The Vegetarian by Han Kang | Book Review |

Hey Everyone,

The Vegetarian by Han Kang (Translated by Deborah Smith)


Yeong-hye and her husband are ordinary people. He is an office worker with moderate ambitions and mild manners; she is an uninspired but dutiful wife. The acceptable flatline of their marriage is interrupted when Yeong-hye, seeking a more 'plant-like' existence, decides to become a vegetarian, prompted by grotesque recurring nightmares. In South Korea, where vegetarianism is almost unheard-of and societal mores are strictly obeyed, Yeong-hye's decision is a shocking act of subversion. Her passive rebellion manifests in ever more bizarre and frightening forms, leading her bland husband to self-justified acts of sexual sadism. His cruelties drive her towards attempted suicide and hospitalisation. She unknowingly captivates her sister's husband, a video artist. She becomes the focus of his increasingly erotic and unhinged artworks, while spiralling further and further into her fantasies of abandoning her fleshly prison and becoming - impossibly, ecstatically - a tree.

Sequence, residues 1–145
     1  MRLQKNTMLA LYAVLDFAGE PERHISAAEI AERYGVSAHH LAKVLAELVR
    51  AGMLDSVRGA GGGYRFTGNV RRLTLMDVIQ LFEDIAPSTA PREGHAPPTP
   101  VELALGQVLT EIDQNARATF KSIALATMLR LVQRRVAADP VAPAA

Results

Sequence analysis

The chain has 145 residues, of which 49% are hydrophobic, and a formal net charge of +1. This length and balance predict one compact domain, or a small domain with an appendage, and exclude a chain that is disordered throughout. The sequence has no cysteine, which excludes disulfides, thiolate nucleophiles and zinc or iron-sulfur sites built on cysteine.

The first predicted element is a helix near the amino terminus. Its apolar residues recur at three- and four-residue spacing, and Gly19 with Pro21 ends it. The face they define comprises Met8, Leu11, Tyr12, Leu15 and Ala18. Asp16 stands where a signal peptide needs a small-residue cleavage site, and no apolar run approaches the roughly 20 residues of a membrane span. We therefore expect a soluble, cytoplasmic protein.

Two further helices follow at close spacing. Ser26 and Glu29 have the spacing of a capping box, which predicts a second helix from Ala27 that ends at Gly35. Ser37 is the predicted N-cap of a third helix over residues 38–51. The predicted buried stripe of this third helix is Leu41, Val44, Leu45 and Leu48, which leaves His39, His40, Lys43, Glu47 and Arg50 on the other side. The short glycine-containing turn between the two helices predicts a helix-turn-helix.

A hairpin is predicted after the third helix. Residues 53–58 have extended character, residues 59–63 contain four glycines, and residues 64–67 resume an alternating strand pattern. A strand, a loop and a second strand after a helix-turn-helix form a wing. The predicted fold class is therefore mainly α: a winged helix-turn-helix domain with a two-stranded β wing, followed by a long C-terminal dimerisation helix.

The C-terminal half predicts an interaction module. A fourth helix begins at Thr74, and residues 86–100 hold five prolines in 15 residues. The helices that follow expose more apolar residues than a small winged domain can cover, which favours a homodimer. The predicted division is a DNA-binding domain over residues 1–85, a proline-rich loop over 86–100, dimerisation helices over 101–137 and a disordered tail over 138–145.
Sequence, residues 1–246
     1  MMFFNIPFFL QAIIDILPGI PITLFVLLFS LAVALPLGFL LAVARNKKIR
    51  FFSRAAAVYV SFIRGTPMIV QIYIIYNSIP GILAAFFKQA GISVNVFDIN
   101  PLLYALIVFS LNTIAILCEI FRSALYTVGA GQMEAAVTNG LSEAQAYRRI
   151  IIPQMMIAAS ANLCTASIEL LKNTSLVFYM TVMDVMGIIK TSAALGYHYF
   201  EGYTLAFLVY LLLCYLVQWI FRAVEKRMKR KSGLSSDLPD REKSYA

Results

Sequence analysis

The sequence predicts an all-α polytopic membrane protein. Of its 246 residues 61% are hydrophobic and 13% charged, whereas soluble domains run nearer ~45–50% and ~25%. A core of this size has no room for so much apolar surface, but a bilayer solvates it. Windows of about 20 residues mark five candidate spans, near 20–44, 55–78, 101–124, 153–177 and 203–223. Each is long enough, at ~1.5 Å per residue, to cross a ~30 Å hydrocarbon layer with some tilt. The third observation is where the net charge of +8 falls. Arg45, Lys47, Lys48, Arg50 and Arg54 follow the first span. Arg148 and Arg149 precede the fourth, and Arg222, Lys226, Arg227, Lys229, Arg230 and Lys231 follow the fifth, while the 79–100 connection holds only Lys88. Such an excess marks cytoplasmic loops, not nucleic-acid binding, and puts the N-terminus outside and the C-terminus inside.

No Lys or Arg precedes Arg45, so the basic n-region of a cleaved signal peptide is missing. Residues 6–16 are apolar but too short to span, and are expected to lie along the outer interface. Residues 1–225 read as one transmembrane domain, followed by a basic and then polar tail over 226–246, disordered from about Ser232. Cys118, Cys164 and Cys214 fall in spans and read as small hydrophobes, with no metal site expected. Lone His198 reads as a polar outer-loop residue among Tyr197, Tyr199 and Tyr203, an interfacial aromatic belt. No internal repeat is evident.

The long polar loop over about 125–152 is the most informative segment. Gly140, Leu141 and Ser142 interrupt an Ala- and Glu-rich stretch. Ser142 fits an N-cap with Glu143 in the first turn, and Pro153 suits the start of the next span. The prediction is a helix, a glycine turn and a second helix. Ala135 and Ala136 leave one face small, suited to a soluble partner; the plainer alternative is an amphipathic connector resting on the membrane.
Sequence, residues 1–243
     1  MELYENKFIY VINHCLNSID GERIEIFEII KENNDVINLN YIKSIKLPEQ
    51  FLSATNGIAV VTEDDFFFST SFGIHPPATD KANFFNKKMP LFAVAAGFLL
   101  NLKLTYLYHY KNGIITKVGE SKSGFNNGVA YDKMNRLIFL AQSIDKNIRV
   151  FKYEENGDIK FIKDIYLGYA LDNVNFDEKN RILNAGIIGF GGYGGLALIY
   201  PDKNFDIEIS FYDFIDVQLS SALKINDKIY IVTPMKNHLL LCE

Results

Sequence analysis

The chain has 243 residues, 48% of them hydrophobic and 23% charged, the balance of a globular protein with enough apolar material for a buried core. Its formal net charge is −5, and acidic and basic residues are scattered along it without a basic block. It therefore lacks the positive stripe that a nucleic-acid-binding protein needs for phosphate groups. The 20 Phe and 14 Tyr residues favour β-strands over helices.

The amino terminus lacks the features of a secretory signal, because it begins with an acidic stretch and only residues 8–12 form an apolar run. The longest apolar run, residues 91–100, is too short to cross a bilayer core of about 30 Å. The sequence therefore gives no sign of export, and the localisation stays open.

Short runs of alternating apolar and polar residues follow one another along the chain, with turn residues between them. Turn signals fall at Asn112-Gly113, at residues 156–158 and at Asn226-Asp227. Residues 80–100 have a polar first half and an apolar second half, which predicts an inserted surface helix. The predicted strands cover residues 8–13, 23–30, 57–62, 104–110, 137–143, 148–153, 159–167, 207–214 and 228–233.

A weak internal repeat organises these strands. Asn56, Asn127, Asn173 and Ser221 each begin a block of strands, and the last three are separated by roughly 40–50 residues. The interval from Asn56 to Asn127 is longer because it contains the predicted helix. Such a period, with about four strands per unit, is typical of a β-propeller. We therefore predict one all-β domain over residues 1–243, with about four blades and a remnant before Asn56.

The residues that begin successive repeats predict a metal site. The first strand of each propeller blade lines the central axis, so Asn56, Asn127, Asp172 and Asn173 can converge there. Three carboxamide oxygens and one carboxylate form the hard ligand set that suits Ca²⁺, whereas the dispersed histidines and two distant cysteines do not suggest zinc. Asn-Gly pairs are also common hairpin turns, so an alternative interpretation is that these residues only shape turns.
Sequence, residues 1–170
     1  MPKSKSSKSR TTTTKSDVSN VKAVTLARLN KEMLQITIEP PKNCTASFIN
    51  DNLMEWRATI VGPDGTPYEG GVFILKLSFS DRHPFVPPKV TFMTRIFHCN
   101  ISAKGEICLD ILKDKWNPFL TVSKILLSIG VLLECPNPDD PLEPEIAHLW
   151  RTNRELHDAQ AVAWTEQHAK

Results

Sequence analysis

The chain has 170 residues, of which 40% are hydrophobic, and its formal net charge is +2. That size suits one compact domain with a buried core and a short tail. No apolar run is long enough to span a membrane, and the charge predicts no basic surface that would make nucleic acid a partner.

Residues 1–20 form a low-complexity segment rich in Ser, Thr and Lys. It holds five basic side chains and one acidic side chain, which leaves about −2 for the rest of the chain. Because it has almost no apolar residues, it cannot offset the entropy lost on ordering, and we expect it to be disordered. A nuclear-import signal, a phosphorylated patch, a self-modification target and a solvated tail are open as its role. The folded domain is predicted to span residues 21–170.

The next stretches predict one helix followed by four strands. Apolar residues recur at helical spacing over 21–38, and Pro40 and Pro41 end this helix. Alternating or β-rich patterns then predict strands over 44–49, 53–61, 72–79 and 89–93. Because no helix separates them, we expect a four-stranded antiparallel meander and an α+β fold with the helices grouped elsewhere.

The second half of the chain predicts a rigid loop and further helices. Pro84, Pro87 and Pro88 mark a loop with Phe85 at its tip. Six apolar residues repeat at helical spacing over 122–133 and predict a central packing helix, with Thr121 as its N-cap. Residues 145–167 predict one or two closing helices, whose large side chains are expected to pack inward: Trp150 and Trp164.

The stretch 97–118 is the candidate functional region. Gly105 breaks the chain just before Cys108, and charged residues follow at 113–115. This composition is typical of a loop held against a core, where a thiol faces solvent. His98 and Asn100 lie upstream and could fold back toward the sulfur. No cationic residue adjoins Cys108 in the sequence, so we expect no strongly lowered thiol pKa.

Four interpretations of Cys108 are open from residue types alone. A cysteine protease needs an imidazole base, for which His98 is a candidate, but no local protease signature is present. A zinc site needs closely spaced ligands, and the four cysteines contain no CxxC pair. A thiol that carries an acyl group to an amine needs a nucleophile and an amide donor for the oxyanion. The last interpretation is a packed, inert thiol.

Fraught, disturbing and beautiful, The Vegetarian is a novel about modern day South Korea, but also a novel about shame, desire and our faltering attempts to understand others, from one imprisoned body to another.

Published: 2016
Published Edition: October 30th, 2007
Publishers: Portobello Books

Goodreads Star Rating: ⭐⭐⭐


I bought this book because I haven't read Korean Literature before and hearing about this book got me curious to pick it up, just because it is a Korean author but also seeing the perspective of a Korean vegetarian. I know, from watching too many Korean Dramas, is that meat is everywhere and meat is used quite a lot in any food and even in dishes that don't have meat, there is some in the broth or in the powder for making ramen. 

I can understand Han Kang's intention for the audience to understand the POV and within a society where a vegetarian is uncommon in Asia, you cannot sympathise to Yeon-hye. You are trying to understand Yeon-hye while her sister continues to think that she will get better. There are some moments in the book where you are horrified that "some person" did this to Yeon-hye and your kind of shouting "Why did you do that?". 

It's haunting and terrifying to think what Yeon-hye is going through and with the interruptions of her family, makes me even frightened for them. 

I gave the book 3 stars because even though I enjoyed it, it was a book that I honestly knew wasn't for me. I felt that it dragged in some places but it is a good book to read.

Hope you are having a lovely day

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